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Using Ansible to Configure Devices Running Junos OS

 

Juniper Networks provides support for using Ansible to manage the configuration of devices running Junos OS. The juniper_junos_config module in the Juniper.junos role and the junos_config Ansible core module enable you to configure devices running Junos OS. The user account that is used to make configuration changes must have permissions to change the relevant portions of the configuration on each device.

Note

Starting in Ansible for Junos OS Release 2.0.0, the juniper_junos_config module combines and replaces the functionality of the junos_commit, junos_get_config, junos_install_config, and junos_rollback modules.

The following sections discuss how to use the juniper_junos_config module to modify and commit the configuration on devices running Junos OS. For information about the junos_config Ansible core module, see https://docs.ansible.com/ansible/latest/junos_config_module.html.

juniper_junos_config Module Overview

The juniper_junos_config module in the Juniper.junos role enables you to modify and commit the configuration on devices running Junos OS. You can load new configuration data, roll the configuration back to a previous version, or load a rescue configuration. To modify the configuration, the module argument list must include either the load parameter to load new configuration data or the rollback parameter to revert to either the rescue configuration or a previously committed configuration.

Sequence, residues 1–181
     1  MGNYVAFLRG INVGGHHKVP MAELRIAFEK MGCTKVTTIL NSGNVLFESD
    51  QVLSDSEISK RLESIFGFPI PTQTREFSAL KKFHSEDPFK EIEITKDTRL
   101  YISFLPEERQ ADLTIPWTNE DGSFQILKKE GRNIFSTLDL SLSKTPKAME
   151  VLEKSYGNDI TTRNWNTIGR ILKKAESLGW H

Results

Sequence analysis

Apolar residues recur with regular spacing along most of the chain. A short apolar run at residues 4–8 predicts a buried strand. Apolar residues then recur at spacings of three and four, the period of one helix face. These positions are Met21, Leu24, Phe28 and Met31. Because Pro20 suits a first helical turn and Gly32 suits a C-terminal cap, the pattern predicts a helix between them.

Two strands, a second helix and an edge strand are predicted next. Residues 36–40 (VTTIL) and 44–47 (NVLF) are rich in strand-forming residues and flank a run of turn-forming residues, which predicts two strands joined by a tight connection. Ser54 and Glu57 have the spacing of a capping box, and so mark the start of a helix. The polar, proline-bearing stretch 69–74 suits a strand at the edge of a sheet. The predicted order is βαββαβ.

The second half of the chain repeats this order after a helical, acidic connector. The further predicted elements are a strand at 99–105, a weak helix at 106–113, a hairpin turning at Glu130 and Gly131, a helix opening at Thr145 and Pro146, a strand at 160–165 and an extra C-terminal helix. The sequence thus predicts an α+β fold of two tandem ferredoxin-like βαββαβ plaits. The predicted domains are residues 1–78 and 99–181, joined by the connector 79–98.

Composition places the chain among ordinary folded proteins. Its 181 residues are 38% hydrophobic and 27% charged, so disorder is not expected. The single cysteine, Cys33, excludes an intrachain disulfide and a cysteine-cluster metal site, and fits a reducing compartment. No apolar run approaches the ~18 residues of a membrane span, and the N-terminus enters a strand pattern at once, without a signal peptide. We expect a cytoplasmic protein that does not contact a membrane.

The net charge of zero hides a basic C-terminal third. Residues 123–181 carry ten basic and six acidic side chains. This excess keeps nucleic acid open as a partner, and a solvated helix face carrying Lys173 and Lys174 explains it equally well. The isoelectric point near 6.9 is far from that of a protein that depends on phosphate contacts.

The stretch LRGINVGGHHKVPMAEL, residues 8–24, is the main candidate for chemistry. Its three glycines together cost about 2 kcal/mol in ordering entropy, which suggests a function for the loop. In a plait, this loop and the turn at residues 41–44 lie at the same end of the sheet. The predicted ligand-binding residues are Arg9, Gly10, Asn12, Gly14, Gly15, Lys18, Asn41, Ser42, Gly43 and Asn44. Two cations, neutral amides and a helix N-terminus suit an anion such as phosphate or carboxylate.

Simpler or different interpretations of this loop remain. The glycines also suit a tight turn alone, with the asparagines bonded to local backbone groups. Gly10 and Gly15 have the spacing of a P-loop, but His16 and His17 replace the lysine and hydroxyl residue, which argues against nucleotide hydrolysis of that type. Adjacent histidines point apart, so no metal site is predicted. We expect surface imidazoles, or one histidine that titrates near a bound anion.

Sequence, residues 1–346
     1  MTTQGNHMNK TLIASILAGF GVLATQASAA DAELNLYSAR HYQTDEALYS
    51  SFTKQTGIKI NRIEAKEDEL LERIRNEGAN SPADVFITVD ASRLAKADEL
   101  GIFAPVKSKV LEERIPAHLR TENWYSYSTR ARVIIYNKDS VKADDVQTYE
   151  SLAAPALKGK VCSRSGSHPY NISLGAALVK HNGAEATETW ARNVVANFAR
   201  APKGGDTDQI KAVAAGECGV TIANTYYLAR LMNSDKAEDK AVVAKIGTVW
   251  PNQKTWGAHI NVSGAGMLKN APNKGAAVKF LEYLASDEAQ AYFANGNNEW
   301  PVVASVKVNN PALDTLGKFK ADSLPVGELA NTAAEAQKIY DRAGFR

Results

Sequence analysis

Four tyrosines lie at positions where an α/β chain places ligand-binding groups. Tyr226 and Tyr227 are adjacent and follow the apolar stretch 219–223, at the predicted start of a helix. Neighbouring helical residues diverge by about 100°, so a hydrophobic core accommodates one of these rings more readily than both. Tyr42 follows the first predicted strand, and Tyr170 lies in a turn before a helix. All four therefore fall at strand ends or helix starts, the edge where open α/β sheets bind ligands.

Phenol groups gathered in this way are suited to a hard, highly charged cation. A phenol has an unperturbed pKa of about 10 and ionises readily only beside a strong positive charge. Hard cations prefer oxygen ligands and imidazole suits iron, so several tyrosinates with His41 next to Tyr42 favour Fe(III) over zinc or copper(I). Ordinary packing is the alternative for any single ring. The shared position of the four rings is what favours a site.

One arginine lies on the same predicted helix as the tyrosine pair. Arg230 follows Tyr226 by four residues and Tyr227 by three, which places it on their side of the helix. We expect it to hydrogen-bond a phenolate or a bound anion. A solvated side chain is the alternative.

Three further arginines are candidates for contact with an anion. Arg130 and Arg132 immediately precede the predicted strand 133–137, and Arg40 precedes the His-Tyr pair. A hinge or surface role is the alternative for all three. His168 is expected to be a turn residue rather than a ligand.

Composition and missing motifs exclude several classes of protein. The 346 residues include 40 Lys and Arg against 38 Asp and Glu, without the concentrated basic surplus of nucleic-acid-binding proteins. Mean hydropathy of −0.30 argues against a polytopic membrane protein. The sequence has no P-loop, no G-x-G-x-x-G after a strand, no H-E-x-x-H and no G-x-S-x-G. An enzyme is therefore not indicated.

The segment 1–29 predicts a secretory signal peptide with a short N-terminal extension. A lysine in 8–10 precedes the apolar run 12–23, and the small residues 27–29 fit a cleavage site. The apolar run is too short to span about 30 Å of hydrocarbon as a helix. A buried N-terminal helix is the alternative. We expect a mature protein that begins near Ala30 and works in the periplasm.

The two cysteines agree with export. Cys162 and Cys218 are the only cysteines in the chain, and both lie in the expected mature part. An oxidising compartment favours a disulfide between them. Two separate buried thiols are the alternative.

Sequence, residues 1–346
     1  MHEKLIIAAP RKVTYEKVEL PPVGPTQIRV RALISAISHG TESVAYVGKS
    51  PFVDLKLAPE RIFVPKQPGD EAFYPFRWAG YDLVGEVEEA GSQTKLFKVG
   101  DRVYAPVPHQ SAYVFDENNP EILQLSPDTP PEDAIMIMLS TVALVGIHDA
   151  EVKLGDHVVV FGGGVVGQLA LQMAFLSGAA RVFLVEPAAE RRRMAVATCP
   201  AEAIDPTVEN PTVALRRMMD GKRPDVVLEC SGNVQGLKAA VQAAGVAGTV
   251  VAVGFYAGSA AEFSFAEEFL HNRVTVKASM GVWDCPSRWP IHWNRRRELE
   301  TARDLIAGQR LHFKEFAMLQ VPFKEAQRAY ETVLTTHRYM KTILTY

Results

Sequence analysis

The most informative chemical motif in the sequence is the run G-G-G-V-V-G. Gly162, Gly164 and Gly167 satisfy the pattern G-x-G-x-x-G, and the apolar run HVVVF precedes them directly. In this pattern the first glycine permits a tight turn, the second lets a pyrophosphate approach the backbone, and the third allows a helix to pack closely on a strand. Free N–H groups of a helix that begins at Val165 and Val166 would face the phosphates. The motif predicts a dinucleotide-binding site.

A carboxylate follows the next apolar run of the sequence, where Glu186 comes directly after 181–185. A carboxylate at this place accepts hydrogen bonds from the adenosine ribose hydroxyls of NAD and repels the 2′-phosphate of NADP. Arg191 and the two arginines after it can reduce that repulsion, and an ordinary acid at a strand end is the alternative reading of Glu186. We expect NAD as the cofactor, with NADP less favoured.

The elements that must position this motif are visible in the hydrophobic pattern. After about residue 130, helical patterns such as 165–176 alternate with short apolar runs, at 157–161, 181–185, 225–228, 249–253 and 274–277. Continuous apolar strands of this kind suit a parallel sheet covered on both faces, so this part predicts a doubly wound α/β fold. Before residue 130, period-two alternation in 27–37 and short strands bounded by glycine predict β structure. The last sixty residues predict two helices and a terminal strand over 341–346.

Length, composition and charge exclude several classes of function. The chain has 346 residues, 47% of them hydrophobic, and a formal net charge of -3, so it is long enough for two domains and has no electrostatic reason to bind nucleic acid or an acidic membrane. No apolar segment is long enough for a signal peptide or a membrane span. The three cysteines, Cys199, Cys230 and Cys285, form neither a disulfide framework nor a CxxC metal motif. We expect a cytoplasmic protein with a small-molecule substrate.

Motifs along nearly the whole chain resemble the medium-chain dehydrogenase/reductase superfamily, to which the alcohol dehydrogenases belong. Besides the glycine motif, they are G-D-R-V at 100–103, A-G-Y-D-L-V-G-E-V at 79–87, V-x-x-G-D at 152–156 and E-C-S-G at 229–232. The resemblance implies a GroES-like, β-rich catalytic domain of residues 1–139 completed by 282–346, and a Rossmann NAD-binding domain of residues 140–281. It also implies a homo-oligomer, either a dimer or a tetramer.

The basic process for making configuration changes is to lock the configuration, load the configuration changes, commit the configuration to make it active, and then unlock the configuration. By default, the juniper_junos_config module makes changes to the candidate configuration database using configure exclusive mode, which automatically locks and unlocks the configuration database. For more information about specifying the configuration mode, see Specifying the Configuration Mode.

When loading new configuration data, you can specify the configuration mode, the load operation, and the source and format of the changes. The value of the load argument defines the load operation used to load the configuration data into the candidate configuration. The juniper_junos_config module supports many of the same load actions that are available in the Junos OS command-line interface (Junos OS CLI), including merge, override, replace, set, and update. For more information, see Specifying the Load Action.

The juniper_junos_config module enables you to configure devices running Junos OS using one of the standard, supported formats. You can provide configuration data as strings or as files containing either configuration data snippets or Jinja2 templates. When providing configuration data within a string, file, or Jinja2 template, supported formats for the data include text, Junos XML elements, Junos OS set commands, and JSON. For information about specifying the format of the configuration data, see Specifying the Format of the Configuration Data to Load.